Michael Miller’s paintings behind the desk at Barry Whistler
Of the dozen artists in the current Barry Whistler Gallery show, Inaugural ’09, Michael Miller is the one that jumped out at me. His acrylic and collage paintings read like the fever-dream posters for a psychedelic pulp novel or B-movie. Miller is an associate professor and director of graduate studies in the art department of Texas A&M University-Commerce. Influenced by Pop art, his pieces in the Whistler exhibition combine words with colorful images of mushrooms and octopi. I asked him to explain.
Where would you say your work fits into art history? Pop? Collage?
Robert Irwin has an ongoing argument about where we are currently in art history. He thinks modernism is too young to be outmoded by post-modernism. He argues that because of its youth, modernism hasn’t been adequately tested in terms of success or failure and that contemporary art may still exist within this label of modernism. But I definitely consider myself influenced by, and a part of post-modernism, in terms of my approach to materials, subject matter and content. That being said, I don’t consider art history or labels in my day-to-day studio practice.
What inspires you to make art?
I’m most interested in transforming the ugly and the vulgar detritus of modern life into art. The sources of the content are from a variety of places, mostly media. Headlines and strange stories in the daily papers, the Target circular, television, the Internet, etc., are typical source strategies. In my show at Barry’s gallery (and in other recent work), the materials include fabric from the dollar-a-yard bin at Walmart. These fabrics are so unlovable that there is no question as to why they wound up in that bin. I collage these together as a deliberate affront to the standards of design — aiming for the aesthetic of homeless camps, not quilts. With these fabric collages in hand, the challenge begins –solving the problem of turning this lowly mess into paintings that are beautiful and articulate.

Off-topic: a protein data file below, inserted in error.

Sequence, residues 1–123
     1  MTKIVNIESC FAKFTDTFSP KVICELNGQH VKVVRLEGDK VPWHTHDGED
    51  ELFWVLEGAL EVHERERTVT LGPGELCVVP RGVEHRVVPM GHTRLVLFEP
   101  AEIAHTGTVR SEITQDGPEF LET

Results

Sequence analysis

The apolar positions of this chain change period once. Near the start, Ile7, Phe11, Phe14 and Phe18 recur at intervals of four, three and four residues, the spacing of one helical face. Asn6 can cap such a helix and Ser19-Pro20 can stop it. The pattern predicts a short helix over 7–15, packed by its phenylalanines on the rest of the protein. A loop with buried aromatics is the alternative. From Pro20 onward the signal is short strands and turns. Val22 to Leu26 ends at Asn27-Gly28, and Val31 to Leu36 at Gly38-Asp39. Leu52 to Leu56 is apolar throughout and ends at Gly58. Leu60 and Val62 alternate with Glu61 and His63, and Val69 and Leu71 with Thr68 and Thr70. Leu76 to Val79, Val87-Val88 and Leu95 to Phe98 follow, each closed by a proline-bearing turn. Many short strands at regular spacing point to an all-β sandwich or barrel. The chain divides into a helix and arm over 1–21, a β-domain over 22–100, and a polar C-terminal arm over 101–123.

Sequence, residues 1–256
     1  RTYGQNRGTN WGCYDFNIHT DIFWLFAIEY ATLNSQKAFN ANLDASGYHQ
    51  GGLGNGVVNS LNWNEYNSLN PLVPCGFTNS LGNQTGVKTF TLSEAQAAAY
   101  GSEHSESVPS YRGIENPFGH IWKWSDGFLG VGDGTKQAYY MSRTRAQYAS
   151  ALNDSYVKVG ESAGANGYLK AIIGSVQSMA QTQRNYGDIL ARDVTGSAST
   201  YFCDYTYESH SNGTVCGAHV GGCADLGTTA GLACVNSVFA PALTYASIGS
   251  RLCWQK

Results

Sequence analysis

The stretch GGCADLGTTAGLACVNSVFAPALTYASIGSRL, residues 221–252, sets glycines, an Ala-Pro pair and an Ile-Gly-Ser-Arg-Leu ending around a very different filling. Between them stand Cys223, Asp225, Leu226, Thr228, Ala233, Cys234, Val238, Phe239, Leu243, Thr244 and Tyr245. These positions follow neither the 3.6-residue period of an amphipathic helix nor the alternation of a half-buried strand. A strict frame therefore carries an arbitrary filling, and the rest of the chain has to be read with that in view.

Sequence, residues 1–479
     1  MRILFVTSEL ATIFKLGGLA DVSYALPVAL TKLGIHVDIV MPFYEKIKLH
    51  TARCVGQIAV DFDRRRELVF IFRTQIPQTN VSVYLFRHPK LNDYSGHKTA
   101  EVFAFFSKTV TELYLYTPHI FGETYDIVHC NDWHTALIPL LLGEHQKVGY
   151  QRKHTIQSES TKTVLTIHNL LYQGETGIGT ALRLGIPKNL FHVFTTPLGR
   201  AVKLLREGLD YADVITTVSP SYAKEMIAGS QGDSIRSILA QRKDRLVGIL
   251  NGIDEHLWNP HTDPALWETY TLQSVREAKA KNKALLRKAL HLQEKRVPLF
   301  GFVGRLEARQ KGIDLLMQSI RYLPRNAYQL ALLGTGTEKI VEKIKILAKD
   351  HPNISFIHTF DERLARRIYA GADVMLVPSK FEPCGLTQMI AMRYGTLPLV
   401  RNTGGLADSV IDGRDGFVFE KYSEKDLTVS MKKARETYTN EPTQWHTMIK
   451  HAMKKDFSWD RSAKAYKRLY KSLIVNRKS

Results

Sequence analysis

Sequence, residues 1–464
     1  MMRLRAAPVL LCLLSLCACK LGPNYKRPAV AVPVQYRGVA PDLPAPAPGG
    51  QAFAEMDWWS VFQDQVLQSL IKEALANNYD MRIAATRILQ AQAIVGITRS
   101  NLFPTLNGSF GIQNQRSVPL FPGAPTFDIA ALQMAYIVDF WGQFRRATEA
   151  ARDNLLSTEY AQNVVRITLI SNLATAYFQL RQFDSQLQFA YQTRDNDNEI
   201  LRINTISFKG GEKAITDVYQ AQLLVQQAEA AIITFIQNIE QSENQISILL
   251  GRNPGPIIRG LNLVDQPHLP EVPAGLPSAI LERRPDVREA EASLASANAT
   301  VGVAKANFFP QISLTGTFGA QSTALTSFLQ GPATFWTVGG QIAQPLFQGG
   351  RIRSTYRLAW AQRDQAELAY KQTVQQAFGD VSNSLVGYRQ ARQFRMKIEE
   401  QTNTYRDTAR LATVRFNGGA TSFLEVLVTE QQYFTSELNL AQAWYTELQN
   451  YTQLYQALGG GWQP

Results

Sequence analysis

In each painting, there is a particular figure/ground relationship, a search for dynamic balance and most importantly, the clarity of space. As groups of paintings are often displayed in a grid, there is a cross-pollination between the composition, text and images of the individual pieces.
Why mushrooms and octopi?
The subject matter has evolved over time. Previously my sources included flowers, trees and birds. I chose these subjects not for what they were, but for their gestures. I am more interested in what these subjects were doing, and how that relates to human actions or expressions. Later, subjects included the mushrooms and octopi. The mushrooms came in, at least in part, with my memory of the tacky decor of kitchens in the 1970s, but they were chosen for their particular gesture. I keep a file of hundreds of images from many sources, organized in around 20 different categories: earth and sky, sea creatures, mammals, graphics, etc. I save each image because of its gestural appeal.
Inaugural ’09 runs through Feb. 28.